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    Learning a second language is like learning to ride a bike, do up your laces, or drive a car. The language learning process is precisely the same as the processes involved in developing any skill.

    Our long term memory is where we store (and retrieve) all the knowledge and skills we have learnt. For a short term memory to be committed to long term memory, it must have significant meaning and/or value to the individual and it must be processed, or 'cogitated'. Memories held in long term memory are either declarative (fact-based) or proceduralised (skill-based) in nature.

    To develop skills, we must proceduralise the declarative knowledge we hold in our long term memory. Before any knowledge is proceduralised, it is first held as declarative knowledge, e.g. I point out my finger to touch the light switch and then push the light switch with that finger to turn on the light . However, skills do not produce any answers to any questions, per se; rather, each individual piece of declarative knowledge, when repeated and recycled, attaches itself to an imaginary piece of string; this string enables each individual fact to become part of a larger, systematically arranged whole. By practising, repeating, recycling and reviewing, the strength of each attachment is reinforced, or consolidated. This is the process of skills development; when it comes to language learning, this manifests itself in fluency.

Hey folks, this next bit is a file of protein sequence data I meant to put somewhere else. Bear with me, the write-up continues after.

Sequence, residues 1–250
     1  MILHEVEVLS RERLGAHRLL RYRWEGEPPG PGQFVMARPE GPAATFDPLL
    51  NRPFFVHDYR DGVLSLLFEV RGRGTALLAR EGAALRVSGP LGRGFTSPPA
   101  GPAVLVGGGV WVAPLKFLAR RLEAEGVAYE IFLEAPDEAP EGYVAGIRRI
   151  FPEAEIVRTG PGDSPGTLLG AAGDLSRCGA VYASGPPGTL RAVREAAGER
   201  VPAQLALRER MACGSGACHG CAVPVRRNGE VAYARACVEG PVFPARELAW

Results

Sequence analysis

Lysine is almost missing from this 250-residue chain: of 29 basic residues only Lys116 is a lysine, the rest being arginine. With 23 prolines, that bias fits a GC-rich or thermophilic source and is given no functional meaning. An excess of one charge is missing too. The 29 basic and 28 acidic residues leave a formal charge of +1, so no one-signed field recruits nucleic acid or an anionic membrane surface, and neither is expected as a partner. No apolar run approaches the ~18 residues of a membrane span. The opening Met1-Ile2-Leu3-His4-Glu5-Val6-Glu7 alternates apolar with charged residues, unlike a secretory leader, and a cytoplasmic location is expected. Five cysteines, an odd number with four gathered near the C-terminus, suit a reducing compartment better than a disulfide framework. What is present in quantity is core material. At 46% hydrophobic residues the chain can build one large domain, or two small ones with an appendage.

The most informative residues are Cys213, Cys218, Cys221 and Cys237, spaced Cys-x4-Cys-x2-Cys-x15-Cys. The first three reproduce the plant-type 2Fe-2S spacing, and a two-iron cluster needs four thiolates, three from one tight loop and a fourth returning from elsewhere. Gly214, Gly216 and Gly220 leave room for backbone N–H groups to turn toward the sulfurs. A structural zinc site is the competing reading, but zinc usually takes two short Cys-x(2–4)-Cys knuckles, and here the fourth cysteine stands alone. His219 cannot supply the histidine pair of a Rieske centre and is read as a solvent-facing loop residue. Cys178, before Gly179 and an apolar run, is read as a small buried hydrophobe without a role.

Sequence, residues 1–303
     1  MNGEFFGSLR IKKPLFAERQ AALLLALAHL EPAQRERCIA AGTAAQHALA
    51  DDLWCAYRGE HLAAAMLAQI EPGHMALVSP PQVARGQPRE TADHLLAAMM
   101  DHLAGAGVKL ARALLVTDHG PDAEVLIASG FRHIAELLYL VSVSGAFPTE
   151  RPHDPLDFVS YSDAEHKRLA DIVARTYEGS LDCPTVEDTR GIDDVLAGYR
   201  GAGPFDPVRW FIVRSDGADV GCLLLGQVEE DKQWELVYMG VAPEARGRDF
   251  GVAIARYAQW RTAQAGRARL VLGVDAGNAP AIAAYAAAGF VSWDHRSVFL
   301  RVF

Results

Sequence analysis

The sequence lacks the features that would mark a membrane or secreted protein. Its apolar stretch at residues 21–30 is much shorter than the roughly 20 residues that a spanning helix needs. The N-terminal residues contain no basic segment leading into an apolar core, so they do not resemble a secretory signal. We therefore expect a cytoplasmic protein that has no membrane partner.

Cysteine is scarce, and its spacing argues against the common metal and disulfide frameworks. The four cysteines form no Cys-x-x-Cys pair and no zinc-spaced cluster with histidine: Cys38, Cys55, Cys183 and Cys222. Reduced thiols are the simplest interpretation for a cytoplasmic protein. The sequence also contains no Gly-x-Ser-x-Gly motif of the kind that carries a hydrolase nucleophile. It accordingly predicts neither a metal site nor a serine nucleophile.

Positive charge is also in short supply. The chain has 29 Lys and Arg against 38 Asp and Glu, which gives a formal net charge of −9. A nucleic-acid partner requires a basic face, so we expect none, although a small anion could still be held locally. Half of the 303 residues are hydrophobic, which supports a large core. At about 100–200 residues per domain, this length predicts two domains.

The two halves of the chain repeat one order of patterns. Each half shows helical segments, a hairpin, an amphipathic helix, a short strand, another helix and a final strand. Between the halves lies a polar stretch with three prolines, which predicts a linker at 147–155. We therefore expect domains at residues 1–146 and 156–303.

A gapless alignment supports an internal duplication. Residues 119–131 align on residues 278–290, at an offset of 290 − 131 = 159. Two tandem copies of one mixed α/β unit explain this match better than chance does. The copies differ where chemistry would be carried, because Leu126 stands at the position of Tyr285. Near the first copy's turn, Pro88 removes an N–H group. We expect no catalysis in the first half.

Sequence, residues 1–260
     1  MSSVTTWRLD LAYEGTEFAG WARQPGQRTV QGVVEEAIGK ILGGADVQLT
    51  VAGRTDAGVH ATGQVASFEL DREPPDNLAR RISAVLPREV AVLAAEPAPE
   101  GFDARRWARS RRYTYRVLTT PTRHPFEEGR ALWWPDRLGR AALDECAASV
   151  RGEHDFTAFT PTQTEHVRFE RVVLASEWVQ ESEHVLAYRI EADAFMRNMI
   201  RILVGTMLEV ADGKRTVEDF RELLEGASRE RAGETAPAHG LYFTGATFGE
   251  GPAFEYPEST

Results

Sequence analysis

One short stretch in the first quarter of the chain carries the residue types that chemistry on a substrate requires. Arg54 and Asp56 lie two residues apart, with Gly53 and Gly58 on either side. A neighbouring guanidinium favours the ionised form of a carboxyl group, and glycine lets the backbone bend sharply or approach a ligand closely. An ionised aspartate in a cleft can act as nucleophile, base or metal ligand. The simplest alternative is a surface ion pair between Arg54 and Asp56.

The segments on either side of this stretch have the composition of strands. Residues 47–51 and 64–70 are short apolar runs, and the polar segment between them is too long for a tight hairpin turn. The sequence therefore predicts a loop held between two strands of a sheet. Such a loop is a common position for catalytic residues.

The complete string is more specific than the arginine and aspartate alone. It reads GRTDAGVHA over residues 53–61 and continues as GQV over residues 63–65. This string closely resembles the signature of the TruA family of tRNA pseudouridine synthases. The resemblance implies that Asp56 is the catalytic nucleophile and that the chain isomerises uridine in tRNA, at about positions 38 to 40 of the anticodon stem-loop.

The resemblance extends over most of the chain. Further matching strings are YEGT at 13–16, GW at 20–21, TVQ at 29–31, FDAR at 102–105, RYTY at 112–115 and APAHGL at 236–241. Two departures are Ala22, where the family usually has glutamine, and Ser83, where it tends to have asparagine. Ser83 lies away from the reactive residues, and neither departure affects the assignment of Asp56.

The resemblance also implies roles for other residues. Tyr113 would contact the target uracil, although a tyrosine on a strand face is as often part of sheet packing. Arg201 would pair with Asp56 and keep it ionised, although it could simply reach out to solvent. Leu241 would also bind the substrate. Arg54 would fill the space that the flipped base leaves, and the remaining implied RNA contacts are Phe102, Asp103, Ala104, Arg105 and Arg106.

What implications does this have for language tutoring? Above all, language tutors must develop their tutees' ability to 'produce' language. To achieve this, they must be given opportunity. This means following a PPP format - presentation, practice and production. After a new language item has been presented, orally, by hand-out, aurally, or otherwise, tutors must give tutees controlled practice - matching activities, gap fills, synonym activities, opposites activities, etc., and this MUST be 'completed' by using productive (or freer) activities in the third, most important phase, where the language items 'stick'. Real communication is the objective. Tutees must be given the opportunity to use the language they have 'learnt' in context, in either (or both) written or spoken form. Focussed questions and answers, targeted creative writing, or a tailored presentation using the language items covered are all effective techniques.

    The creative deployment of such techniques characterises the tutoring approach Aaron Neame adopts. His French tuition, German tuition, Spanish tuition and 11 Plus tuition follows a systematic methodology which optimises the language learning process.
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